In the Face of Oppression, Don’t Resort to Violence
We understand oppression as the subjugation of one group by another group, imposed by an asymmetric power and often reinforced by hostile conditions, such as threats or actual violence. Oppressed groups experience threats and assault from a more powerful group. Oppression means feeling humiliated and insulted and feeling that you have fewer opportunities and that laws don’t apply equally to everyone.
But is being oppressed a valid reason to unleash violence? At first, specialists believed oppression was the cause of violence. This idea finds its roots in the frustration-aggression and relative deprivation hypotheses. These hypotheses propose that oppression, frustration, and humiliation are some of the variables that trigger violence.
The frustration-aggression hypothesis
One of the first theories that specialists used to explain how violence originates was the frustration-aggression hypothesis. This theory stated that aggression was the result of frustration. However, reality never confirmed this theory.
Data indicated that frustration didn’t inevitably lead to aggression. Frustrated people didn’t have to use violence. Sometimes, frustration made people actually solve problems and, in other occasions, violence occurred in the absence of frustration.
“Even if a poor man gets rich, he will continue to suffer the same aliments that affect the poor as a result of the oppression he suffered in the past.”
Therefore, it’s not reasonable to consider frustration as a necessary and sufficient factor to cause aggression. Psychologists and social scientists reformulated the hypothesis so that only aversive frustration under threat would cause aggression. This way, frustration could favor anger and hatred. In turn, these emotional states would be the ones that would provoke aggression in the face of a threat.
However, this new proposal doesn’t always prove true. Frustration in the face of a threat can facilitate aggression, but it doesn’t determine aggressive behavior.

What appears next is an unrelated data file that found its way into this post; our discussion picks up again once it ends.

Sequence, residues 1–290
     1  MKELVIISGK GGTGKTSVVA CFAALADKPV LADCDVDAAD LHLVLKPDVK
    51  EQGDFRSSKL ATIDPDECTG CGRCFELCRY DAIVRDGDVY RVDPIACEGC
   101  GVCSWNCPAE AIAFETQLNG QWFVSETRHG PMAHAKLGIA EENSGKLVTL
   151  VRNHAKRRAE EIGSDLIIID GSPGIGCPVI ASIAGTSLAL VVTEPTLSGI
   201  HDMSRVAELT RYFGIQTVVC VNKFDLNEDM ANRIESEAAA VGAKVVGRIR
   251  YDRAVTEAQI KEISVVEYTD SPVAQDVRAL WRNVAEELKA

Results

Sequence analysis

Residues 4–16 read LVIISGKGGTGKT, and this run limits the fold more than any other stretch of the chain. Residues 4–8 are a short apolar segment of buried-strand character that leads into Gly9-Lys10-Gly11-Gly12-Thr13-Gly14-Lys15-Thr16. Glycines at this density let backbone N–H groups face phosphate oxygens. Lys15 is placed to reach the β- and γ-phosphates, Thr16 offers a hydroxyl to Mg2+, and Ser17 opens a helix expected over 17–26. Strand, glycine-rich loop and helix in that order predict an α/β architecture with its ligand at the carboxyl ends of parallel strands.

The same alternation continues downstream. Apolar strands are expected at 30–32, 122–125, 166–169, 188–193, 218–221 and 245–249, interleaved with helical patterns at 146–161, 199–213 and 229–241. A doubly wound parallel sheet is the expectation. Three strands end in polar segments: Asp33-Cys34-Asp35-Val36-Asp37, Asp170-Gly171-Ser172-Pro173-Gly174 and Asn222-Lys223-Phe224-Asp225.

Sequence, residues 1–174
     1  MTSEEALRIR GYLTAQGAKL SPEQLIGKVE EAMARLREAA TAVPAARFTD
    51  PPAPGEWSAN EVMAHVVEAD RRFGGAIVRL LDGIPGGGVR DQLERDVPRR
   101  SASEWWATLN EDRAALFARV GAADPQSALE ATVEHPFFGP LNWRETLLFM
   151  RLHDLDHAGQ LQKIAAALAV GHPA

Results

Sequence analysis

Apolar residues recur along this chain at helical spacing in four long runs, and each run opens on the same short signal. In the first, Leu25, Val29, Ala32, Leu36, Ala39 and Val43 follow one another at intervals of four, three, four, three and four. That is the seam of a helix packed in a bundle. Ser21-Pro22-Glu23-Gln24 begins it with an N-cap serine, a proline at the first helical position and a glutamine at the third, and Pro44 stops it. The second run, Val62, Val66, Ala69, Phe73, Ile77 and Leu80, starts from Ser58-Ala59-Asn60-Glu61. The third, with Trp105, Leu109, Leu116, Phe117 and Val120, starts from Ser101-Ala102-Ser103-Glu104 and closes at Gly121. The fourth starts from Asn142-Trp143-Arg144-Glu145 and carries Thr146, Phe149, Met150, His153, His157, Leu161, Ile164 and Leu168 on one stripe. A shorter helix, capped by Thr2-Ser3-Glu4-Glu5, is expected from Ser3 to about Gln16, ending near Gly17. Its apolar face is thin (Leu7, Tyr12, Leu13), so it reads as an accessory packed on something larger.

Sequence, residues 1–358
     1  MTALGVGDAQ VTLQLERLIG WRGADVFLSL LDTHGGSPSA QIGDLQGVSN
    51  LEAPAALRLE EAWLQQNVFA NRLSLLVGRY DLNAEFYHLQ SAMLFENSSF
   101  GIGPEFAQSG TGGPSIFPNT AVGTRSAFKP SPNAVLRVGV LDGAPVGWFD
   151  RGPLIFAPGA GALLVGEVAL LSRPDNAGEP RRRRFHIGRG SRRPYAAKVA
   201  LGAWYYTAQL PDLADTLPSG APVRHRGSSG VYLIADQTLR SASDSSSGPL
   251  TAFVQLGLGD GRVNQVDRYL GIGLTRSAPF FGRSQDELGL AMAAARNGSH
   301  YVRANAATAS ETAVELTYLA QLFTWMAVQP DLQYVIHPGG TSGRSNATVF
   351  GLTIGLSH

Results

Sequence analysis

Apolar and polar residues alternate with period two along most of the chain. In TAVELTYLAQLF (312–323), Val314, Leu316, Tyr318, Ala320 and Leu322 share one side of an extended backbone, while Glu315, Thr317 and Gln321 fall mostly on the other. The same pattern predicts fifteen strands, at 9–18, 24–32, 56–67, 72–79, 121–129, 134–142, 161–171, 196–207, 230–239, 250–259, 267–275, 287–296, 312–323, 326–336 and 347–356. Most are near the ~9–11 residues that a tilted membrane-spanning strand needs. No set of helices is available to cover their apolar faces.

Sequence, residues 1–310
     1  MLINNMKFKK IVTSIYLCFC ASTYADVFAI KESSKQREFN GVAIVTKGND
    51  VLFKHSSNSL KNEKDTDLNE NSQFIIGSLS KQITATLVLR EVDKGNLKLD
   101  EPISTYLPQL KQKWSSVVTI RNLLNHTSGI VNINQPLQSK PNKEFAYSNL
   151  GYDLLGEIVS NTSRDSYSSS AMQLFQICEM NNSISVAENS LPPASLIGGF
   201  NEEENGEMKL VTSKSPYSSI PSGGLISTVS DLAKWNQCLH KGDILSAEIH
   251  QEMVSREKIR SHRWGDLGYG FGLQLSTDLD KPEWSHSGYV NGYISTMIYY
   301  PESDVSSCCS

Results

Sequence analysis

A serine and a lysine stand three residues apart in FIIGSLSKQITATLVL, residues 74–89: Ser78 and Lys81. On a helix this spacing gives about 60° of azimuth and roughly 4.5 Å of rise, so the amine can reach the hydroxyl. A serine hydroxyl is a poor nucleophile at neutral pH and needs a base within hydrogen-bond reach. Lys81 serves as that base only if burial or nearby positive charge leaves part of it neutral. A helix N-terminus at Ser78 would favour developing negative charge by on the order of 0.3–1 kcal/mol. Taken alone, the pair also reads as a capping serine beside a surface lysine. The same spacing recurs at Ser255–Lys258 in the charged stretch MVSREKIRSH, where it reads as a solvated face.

Faced with the failure of the frustration-aggression hypothesis, a new theory emerged. The theory of relative deprivation states that frustration is caused by relative deprivation. Relative deprivation is a distorted perception of needs. It’s the belief that we’re deprived of a need or right. According to this theory, rebellion arises when people can’t stand the conditions of inequality in which their group lives.
“Oppression. Rebellion. Treason. He used big words without knowing what they can represent.”
Relative deprivation facilitates violence, especially among members of a social class or an oppressed group. But this doesn’t make it a factor that triggers violence every time. Although poverty and economic inequality can lead to violence, they won’t do so every time, not even in most of the cases.
Perceived oppression on its own isn’t enough to cause violence. Even so, it’s a cognitive-emotional variable that constitutes a potential risk factor. Oppression doesn’t have to be real, it can be just perceived. Believing that another group is threatening us may be enough to make us feel oppressed. The concept of oppression encompasses previous theories, which is why it includes negative feelings such as frustration and cognitive sensations such as deprivation.
Although oppression isn’t necessarily a part of the group of factors that end up precipitating violent behavior, it’s related to some clinical symptoms such as anxiety or depression. In addition, people who feel oppressed tend to develop more emotional stress.